Magazine article The Spectator

London's Secondhand Bookshops H A Y W O O D

Magazine article The Spectator

London's Secondhand Bookshops H A Y W O O D

Article excerpt


fter seeing the Dalai Lama receive an award at St Paul's Cathedral, I thought I'd look in at some secondhand bookshops around the British Museum on my walk home. They had all gone.

Gone the neat shop in Museum Street where I bought David Knowles's Great Historical Enterprises ; gone the untidy shop in Coptic Street where I first bought a Cresset Press edition of Hogg's Private Memoirs and Confessions of a Justified Sinner . Gone the smart end of the market, Frew Mackenzie (next to Cornelissen the artists' colourmen) where two big folios of the beastly Bishop Burnet's History of His Own Time , 1723, 1734, chipped at spine ends, was the equivalent of the bargain box. Gone Bondy Books, home of miniature books (less than 3in tall), on which the proprietor, Louis Bondy, had written a rather larger volume. Blame the online Abebooks for all this if you like, or blame us who use it.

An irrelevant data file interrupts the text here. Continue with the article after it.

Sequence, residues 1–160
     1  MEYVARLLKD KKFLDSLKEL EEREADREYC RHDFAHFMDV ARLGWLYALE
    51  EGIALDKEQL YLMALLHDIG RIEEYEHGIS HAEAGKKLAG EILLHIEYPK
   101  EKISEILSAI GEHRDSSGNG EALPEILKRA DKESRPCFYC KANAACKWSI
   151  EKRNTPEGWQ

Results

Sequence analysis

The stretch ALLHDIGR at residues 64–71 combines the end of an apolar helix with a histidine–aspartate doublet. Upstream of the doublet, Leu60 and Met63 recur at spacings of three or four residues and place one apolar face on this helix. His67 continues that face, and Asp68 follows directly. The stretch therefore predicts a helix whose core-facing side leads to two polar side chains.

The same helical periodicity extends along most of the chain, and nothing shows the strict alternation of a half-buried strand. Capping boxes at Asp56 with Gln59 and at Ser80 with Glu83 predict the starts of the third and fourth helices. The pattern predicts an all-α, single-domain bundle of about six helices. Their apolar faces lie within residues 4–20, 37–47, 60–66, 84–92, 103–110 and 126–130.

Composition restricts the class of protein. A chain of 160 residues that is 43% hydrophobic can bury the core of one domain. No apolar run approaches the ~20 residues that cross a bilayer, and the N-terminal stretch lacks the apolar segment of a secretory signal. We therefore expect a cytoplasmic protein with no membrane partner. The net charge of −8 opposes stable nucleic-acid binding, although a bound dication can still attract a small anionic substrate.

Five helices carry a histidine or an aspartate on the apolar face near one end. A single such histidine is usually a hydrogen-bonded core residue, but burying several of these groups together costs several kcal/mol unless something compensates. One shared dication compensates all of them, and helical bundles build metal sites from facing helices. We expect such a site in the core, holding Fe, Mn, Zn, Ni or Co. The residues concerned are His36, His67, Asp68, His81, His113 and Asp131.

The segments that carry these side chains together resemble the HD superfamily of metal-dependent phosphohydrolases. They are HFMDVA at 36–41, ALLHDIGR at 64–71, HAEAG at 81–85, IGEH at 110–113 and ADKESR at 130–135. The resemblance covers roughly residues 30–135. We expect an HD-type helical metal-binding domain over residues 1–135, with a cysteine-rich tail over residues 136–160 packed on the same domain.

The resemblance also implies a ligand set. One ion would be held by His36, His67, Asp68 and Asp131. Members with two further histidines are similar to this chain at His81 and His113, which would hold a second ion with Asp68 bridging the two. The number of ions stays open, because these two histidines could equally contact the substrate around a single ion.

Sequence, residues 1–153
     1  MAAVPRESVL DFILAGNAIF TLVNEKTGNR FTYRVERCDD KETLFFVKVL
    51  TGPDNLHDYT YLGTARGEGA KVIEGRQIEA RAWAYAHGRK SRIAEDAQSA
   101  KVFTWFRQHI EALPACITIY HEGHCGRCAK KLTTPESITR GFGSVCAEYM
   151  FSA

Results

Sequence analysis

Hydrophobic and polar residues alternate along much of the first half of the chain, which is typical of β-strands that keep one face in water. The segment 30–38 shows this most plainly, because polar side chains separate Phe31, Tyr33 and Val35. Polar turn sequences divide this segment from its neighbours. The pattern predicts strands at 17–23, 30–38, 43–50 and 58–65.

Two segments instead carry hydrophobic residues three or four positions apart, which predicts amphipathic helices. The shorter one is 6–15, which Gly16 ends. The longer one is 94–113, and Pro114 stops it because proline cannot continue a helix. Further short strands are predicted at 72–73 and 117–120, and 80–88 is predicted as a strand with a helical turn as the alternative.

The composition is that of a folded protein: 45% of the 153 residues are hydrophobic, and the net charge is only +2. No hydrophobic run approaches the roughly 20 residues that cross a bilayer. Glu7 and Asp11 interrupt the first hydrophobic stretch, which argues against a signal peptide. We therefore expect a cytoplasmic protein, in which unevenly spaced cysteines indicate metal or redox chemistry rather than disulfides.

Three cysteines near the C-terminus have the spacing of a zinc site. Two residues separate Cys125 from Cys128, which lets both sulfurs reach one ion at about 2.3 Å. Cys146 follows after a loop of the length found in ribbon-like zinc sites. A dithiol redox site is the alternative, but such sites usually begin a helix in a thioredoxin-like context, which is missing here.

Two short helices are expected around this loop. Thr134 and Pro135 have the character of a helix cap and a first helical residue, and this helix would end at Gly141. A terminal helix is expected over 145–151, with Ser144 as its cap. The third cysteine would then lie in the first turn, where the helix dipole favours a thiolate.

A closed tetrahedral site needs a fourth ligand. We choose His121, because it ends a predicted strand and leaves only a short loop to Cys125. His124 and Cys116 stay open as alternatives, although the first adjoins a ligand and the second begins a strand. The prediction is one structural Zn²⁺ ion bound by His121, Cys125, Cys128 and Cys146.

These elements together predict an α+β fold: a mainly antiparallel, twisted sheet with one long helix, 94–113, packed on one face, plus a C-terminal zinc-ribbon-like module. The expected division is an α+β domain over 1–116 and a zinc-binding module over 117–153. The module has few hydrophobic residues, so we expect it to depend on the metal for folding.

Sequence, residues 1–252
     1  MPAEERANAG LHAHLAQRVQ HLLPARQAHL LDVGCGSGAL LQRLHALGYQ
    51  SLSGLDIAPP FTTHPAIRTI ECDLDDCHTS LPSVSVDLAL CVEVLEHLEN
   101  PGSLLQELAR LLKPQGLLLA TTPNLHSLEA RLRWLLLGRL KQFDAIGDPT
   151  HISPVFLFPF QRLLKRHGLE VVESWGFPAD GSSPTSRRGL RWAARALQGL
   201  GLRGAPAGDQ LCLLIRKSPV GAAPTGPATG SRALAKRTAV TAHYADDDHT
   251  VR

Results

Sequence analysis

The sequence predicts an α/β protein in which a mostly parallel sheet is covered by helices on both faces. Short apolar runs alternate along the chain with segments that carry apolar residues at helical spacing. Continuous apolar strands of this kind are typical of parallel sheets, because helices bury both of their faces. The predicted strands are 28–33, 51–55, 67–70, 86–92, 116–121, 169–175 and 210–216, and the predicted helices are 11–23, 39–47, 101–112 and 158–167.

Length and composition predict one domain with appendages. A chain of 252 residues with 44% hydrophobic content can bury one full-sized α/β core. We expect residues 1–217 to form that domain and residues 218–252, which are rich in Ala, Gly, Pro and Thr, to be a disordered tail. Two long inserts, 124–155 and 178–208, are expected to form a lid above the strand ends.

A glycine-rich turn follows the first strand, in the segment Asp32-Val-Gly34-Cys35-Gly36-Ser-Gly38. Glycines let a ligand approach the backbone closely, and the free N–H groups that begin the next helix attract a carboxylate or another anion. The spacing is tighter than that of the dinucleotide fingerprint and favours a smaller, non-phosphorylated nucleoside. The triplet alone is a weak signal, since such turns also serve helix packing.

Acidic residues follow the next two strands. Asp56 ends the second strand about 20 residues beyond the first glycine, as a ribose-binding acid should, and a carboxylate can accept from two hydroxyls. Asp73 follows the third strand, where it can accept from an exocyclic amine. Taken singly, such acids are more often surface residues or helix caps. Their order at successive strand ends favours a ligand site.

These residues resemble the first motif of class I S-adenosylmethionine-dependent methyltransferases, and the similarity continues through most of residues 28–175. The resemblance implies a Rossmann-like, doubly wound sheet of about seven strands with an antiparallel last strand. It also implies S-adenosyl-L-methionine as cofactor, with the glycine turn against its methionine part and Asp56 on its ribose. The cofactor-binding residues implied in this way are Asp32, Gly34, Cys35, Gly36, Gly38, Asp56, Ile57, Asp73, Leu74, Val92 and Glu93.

Almost alone in those parts remains Jarndyce, at 46 Great Russell Street since 1986, run by the agreeable Janet Nassau and Brian Lake, whose interest in books with strange titles engendered his own Fish Who Answer the Telephone, and other Bizarre Books (such as The Common Teasle as a Carnivorous Plant , 1922;

Briefs Calmly Considered by 'A Layman' , 1826;

The Big Problem of Small Organs, 1966; The Romance of Leprosy, 1949; and so on). The speciality of Jarndyce is 19th-century books, but I once rejoiced to find there a copy of A Complete Vindication of the Mallard of All-Soul's College, 1751. …

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